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Old Apr 6, 2011, 08:02 AM   #1
jiminaus
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Have distributed objects been deprecated?

The Remote Messaging part of the Apple's Objective C Programming Language guide has gone. Has Apple (perhaps by stealth) deprecated Objective-C distributed objects? It doesn't look like it's been implemented in iOS, which is a shame. I thought it would be a great communication system between Mac and iOS. Does anyone know of or have any experience with using distribute objects in classic RPC-style client/server projects? I'm just wondering if I should ignore it even for architectural prototypes and just use a "standard" communication system.
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Old Apr 6, 2011, 11:49 AM   #2
Sydde
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The main class for distributed objects is NSProxy and its concrete subclass NSDistantObject. These are in the Foundation framework. Mac OS X and iOS use the same Foundation framework. There does not appear to be any deprecation note on either of these classes.
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Old Apr 6, 2011, 03:58 PM   #3
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I don't think iOS does share the same Foundation framework as Mac OS X. iOS seems to lack NSConnection and NSDistantObject. It does have NSPort, but only NSMachPort, not NSSocketPort.
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Old Apr 6, 2011, 06:43 PM   #4
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Given that multi-tasking is relatively new and that iOS is still primarily focused on a single active application, it would make sense that NSProxy has not been implemented. My guess would be that this is the opposite of "deprecated": expect at some point down the road that these things will be implemented. In the meantime, you will have to work with what lower-levels are available to suit your needs.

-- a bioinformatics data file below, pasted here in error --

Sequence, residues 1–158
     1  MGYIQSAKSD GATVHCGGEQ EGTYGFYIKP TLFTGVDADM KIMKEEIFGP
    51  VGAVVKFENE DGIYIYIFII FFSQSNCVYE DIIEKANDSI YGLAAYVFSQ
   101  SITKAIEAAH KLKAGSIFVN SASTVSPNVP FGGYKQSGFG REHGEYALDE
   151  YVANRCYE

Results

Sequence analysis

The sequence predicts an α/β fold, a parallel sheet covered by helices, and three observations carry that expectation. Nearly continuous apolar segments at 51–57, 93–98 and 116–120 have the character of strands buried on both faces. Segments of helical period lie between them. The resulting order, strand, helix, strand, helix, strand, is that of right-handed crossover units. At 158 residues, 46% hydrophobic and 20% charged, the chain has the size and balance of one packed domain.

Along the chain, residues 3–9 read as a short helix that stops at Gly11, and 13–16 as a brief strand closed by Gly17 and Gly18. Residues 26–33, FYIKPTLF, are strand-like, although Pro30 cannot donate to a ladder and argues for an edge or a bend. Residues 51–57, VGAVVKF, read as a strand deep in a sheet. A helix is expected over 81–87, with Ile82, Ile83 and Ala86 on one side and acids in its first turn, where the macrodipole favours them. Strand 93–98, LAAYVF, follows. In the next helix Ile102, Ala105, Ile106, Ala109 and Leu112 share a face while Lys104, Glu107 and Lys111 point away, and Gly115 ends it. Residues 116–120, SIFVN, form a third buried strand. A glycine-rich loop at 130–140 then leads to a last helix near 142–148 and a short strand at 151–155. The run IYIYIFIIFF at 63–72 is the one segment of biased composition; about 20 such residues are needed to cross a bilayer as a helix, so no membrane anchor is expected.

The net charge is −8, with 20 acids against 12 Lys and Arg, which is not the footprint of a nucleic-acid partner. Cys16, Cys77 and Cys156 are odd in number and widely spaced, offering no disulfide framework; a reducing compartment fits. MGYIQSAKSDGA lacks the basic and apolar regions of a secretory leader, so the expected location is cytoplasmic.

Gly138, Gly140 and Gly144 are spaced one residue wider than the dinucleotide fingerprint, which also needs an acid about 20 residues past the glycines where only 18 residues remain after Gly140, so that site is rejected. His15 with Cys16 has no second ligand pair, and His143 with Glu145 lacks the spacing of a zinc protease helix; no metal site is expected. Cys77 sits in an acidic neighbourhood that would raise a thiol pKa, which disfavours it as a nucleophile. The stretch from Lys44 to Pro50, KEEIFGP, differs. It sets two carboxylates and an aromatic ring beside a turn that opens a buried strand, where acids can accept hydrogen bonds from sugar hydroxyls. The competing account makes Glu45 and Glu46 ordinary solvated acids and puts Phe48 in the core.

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Old Apr 7, 2011, 12:41 PM   #5
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The main issue I've encountered with distributed objects is that they're *too* transparent. The temptation is to treat remote objects as 'just another part of your app', when in fact they really can't be (what happens if the connection is interrupted? or there's suddenly high latency?). The best way to use them is closer to the way you'd use a traditional communication mechanism, with a defined protocol for communicating encapsulated in one remote object representing your communication channel.

Given that design restriction, they start looking a bit less appealing vs other communication mechanisms, although they're still a pretty neat technology.
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